Thus, by simply stepping in front of the Kinect 2.0, and putting on the Oculus Rift headset, anyone could teleoperate [Jake] to move around and wave its arms at oncoming ribbons. Once completed, [Jake] would leave the scene, journeying back into the newly created robot lair leaving pieces of nylon and polyester everywhere.
An earlier (un-smoothed) version of the full system can be seen after the break:
Continue reading “Cutting Ribbons with Robots and a Oculus Rift”
One of our trusty tipsters named [Arman] wrote in to tell us about this awesome little Horror VR Hackathon that sought to create a non-lethal electric chair, for a seriously creepy and shocking experience.
[Arman] works in a small prototyping shop, so when a few guys from the local VR group called to ask for help building a non-lethal electric chair, he thought they were joking — until they showed up at the shop! Finally understanding what they really wanted to do, he hooked them up with an EL wire power supply (high voltage AC, low amperage) for their first prototype.
Unfortunately the EL power supply driver took too much juice, so they called [Arman] back the next day to hack together some of those joke gum shockers instead — he hooked them up to an Arduino and they work like a charm. Continue reading “Non-Lethal Electric Chair Brings the Death Row Experience Home”
Craving some virtual reality goodness? Unsure of Oculus after Facebook purchased them? Well — why not make your own then!
At last weeks Google I/O conference, those lucky enough to attend received the Google Cardboard VR kit. It’s basically just a piece of cardboard, two lenses, a few magnets, an NFC tag and some velcro — but when you slide your phone into it and download the Cardboard app — you have virtual reality, on your phone.
This inspired [Wolfgang] to make his own variation of this, except instead of a phone, it fits a tablet much nicer. It really is just a cardboard box with the lenses glued in place — but it works! Of course you could 3D print a nice housing — but if you’re super excited to try out some VR apps — cardboard will do the trick as well!
Besides the Cardboard app there’s a few more Android VR applications worth a look — Tuscany Dive (explore Tuscany from the comfort of your chair), ViewR (a voice controlled experience), and Dive Volcano VR Demo (explore a volcano!).
Only trick is finding those pesky lenses…
Third person video games are never really that realistic — you get a much wider range of vision, you can typically see around things your character can’t actually see… the list goes on. But what would it be like to have a third person perspective, in real life?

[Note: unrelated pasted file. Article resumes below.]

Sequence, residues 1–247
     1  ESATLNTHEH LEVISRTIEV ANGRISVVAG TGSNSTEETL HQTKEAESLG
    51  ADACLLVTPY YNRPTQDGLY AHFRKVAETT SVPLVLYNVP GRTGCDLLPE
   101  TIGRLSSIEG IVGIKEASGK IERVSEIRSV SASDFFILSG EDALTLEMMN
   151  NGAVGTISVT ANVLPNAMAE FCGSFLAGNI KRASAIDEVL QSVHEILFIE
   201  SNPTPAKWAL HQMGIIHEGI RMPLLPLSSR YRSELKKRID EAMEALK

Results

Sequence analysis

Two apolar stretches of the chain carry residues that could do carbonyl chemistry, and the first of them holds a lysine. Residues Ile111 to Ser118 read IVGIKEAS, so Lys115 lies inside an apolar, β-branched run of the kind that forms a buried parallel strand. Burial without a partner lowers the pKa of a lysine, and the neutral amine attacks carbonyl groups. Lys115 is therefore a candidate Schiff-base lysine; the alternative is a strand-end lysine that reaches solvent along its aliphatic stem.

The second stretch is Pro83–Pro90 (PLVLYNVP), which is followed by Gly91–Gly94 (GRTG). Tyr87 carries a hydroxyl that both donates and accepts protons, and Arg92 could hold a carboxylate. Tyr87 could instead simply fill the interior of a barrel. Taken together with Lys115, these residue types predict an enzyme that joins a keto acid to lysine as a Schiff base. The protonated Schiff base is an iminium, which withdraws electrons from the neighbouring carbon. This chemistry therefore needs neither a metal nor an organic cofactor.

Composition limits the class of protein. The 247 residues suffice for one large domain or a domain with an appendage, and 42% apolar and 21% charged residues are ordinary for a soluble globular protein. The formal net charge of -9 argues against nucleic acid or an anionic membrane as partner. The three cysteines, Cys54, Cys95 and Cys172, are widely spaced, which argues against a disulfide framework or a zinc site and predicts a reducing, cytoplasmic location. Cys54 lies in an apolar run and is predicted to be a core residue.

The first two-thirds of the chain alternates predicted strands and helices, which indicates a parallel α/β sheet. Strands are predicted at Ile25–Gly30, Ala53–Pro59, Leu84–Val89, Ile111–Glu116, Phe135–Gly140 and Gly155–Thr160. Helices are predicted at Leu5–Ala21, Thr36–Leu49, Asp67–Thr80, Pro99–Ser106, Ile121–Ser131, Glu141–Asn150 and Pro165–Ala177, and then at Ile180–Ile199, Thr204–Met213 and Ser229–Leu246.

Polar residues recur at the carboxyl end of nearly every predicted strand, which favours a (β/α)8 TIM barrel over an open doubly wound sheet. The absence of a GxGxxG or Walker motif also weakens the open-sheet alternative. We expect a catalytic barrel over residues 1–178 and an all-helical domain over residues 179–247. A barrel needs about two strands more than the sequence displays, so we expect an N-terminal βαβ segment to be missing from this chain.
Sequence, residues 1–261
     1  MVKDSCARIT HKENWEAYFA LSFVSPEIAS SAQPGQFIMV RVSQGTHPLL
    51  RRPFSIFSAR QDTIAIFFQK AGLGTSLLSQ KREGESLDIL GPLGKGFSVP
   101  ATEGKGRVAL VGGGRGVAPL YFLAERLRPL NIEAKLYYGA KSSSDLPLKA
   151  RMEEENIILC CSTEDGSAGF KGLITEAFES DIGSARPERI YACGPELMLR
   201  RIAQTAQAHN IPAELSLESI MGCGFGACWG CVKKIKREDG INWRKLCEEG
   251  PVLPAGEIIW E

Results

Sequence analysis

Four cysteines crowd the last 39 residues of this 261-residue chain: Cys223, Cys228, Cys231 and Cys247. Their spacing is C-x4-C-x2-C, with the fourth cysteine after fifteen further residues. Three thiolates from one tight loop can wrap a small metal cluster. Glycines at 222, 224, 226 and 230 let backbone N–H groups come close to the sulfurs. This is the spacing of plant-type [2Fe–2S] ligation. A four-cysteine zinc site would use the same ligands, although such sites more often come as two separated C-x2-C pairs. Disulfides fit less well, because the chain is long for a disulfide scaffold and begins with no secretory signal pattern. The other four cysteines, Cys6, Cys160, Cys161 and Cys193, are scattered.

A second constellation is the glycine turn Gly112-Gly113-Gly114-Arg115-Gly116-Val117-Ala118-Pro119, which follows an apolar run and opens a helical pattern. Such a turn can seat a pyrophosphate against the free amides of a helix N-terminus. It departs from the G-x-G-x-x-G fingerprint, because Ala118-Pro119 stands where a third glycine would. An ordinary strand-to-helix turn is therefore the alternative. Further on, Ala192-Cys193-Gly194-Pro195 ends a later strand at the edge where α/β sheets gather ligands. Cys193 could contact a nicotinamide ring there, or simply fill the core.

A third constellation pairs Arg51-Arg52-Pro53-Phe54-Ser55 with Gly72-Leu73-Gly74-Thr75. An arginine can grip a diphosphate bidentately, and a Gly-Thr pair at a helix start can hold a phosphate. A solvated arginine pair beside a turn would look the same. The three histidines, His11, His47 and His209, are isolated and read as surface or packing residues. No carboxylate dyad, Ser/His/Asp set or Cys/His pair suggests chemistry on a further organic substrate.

That’s exactly what some hackers in Poland decided to do! This is their Real World Third Person Perspective VR / AR Experiment. It makes use of an Oculus Rift, two GoPros, a microprocessor and a few servo motors. It’s essentially a glorified camera on a stick that you wear as a backpack, but nonetheless it has a really cool effect.
The project was built in under 2 days to get into the tight deadline for Intel’s Wearable contest, which has an impressive prize list, including a grand prize of $500,000 for business development! They didn’t place, but it’s still a Hack a Day worthy project!
Check it out!
Continue reading “Third Person Perspective is Guaranteed to Mess With Your Senses”
The Kinect has long been able to create realistic 3D models of real, physical spaces. Combining these Kinect-mapped spaces with an Oculus Rift is something brand new entirely.
[Thomas] and his fellow compatriots within the Kintinuous project are modeling an office space with the old XBox 360 Kinect’s RGB+D sensors. then using an Oculus Rift to inhabit that space. They’re not using the internal IMU in the Oculus to position the camera in the virtual space, either: they’re using live depth sensing from the Kinect to feed the Rift screens.
While Kintinuous is very, very good at mapping large-scale spaces, the software itself if locked up behind some copyright concerns the authors and devs don’t have control over. This doesn’t mean the techniques behind Kintinuous are locked up, however: anyone is free to read the papers (here’s one, and another, PDF of course) and re-implement Kintinuous as an open source project. That’s something that would be really cool, and we’d encourage anyone with a bit of experience with point clouds to give it a shot.
Continue reading “Virtual Physical Reality With Kintinuous And An Oculus Rift”